Pruning an object detection DNN can significantly speed up inference times for applications designed for edge devices (such as NVIDIA Jetson Nano), which are integral for the deployment of performant robotics applications. Perform pruning using TLT in two steps:
tlt-pruneto reduce the complexity and size of the neural network (thus possibly losing some accuracy)
- Retraining the pruned model with
tlt-trainto regain accuracy on the dataset.
For more information, see Pruning Models with NVIDIA Transfer Learning Toolkit.
The resulting model can then be exported and directly plugged into the Isaac NVIDIA TensorRT pipeline for running accelerated inference. The
tlt-export command exports models to the .etlt (“encrypted TLT”) format which requires a decryption key to create a TensorRT engine .plan file. Isaac SDK inference applications consume the model in .etlt format along with the required encryption key and create a platform-specific TensorRT engine file during application runtime.
For more information about how to train and deploy TLT-trained models, see Training with Custom Pretrained Models Using the NVIDIA Transfer Learning Toolkit.
The Isaac SDK provides a subgraph for DetectNetv2 inference, which can be dropped into any Isaac application graph that receives image input. The DetectNetv2 inference subgraph performs the following tasks:
- Accepts the image input as a ColorCameraProto message.
- Resizes and encodes it into a TensorProto message with the ColorCameraEncoder message
- Feeds this tensor into the TensorRTInference message.
Finally, the output tensor from the TensorRT inference is decoded using the DetectNetDecoder, written specifically to convert DetectNetv2 output tensors to the Detections2Proto Isaac message. The Detections2Proto message holds bounding box, confidence, and label information that can be passed downstream to other Isaac nodes and visualized in Isaac WebsightServer.
The Isaac SDK includes a sample application that uses this subgraph, which you can run out-of-the-box with any TLT-trained object detection models. With Isaac 2020.1, the sample application for industrial cart inference on camera feed from a Realsense camera can be run with the following command:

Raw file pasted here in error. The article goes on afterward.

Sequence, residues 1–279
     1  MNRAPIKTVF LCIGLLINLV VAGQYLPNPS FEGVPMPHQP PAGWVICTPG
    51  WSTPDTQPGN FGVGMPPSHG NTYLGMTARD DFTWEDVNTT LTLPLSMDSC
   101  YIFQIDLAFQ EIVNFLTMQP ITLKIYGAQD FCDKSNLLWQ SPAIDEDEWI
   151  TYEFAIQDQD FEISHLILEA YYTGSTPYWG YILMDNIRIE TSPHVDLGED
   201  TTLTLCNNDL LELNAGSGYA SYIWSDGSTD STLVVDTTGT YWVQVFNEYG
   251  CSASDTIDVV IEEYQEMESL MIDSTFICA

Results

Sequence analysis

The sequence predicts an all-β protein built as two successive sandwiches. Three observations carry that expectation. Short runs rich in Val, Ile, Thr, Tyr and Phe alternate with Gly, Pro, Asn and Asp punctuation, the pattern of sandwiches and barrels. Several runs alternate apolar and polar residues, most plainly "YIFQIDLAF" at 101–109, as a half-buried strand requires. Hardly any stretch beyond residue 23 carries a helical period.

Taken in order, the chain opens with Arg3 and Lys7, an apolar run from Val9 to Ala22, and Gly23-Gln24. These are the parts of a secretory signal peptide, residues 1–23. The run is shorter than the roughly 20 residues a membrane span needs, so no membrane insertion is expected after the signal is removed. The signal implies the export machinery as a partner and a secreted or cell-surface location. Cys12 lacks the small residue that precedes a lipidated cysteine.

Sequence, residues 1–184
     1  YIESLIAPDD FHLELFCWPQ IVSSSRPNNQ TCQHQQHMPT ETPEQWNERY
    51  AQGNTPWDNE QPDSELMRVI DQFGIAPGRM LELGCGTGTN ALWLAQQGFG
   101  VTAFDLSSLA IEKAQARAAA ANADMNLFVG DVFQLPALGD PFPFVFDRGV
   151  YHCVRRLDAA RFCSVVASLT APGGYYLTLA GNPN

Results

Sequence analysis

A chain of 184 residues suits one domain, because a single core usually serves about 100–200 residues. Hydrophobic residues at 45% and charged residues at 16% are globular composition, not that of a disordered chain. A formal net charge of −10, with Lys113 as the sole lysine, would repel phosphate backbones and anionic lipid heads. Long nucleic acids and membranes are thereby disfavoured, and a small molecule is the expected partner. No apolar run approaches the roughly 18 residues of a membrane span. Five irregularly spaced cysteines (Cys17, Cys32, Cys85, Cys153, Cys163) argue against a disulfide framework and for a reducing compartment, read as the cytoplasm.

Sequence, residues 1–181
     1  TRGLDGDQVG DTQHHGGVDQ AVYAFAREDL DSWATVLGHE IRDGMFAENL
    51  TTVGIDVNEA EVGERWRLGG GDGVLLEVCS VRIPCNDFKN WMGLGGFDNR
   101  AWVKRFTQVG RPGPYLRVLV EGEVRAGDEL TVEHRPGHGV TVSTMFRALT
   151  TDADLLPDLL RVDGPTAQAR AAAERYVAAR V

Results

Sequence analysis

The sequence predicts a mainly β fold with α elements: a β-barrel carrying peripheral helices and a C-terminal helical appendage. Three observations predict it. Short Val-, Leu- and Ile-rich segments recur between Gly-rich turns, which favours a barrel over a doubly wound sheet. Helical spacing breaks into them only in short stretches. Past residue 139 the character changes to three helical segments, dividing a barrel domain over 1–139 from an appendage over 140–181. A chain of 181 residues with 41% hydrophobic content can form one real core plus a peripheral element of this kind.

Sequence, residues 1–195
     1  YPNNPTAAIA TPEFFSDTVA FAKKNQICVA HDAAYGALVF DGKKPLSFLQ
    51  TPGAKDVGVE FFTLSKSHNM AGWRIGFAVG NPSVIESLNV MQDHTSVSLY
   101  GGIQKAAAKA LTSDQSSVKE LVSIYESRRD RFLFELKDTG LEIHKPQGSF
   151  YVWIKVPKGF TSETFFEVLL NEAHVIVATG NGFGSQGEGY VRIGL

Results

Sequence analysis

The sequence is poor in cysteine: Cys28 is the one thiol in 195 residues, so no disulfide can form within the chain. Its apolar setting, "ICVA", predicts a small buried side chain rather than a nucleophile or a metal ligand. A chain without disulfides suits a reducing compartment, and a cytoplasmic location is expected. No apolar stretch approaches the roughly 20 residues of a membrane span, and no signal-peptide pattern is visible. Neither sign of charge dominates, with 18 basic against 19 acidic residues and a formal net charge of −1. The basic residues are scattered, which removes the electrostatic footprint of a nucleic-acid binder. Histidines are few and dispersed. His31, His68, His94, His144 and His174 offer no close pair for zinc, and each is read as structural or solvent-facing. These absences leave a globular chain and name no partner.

bazel run packages/detect_net/apps:detect_net_inference_app -- --mode realsense
For more information about commands to run this sample application, see TensorRT Inference on TLT models. The commands work on various other input sources: Isaac logs, images on disk, or simulations.
Object detection inference for 3D Object Pose Estimation
The Isaac SDK 3D Object Pose Estimation pipeline uses the bounding boxes output from the DetectNet inference subgraph as regions-of-interest for computing 3D poses. Pose estimation is useful for industrial applications, such as the following:
- To autonomously dock a robot under industrial carts carrying payloads.
- To pick-and-place containers from conveyor belts to industrial palettes using a robotic manipulator.
Figure 5 shows inferred bounding boxes that are used by the Isaac 3D Object Pose Estimation framework for the two use cases.
A pruned, 368×640 single-class DetectNetv2 tennis ball detection model is included with the Isaac SDK as a sample. With the Isaac TensorRT Inference component, this model has following inference times in FP16 inference mode:
|Platform||Inference time (in milliseconds)|
|Workstation with NVIDIA RTX2080 Ti||1.08 ms|
|Jetson AGX Xavier (Power mode 0)||10.5 ms|
|Jetson Nano (Power mode 0)||30.85 ms|
The Kaya object detection application is a sample included with the Isaac SDK that demonstrates how this model is used for inference on a robot-mounted sensor. The application enables Kaya, the Jetson Nano-powered, three-wheeled, holonomic drive, robotic reference platform, to detect tennis balls using Realsense camera input. For more information about how to train your own models and deploy them to Kaya, see Using the NVIDIA Isaac SDK Object Detection Pipeline with Docker and the NVIDIA Transfer Learning Toolkit.
In this post, you learned how to generate a synthetic dataset using Isaac Sim and the Isaac SDK, and how to feed this data into the TLT to train models on custom objects for sim-to-real transfer.
If you want more information, see Using the NVIDIA Isaac SDK Object Detection Pipeline with Docker and the NVIDIA Transfer Learning Toolkit. The post provides an easy way for you to step through the same workflow of generating synthetic data, fine-tuning for a custom dataset, and performing inference used to deploy detection models for industrial applications, such as BMW’s intralogistics use cases.
For more information, see the following resources:
- Download Isaac SDK 2020.1
- NVIDIA Isaac Documentation
- NVIDIA Isaac: Sample Applications
- GTC Digital: Learn How BMW Uses NVIDIA Technology to Develop the ‘Ultimate Industrial Autonomous Robot
Post your product questions or feedback in the Developer Forums.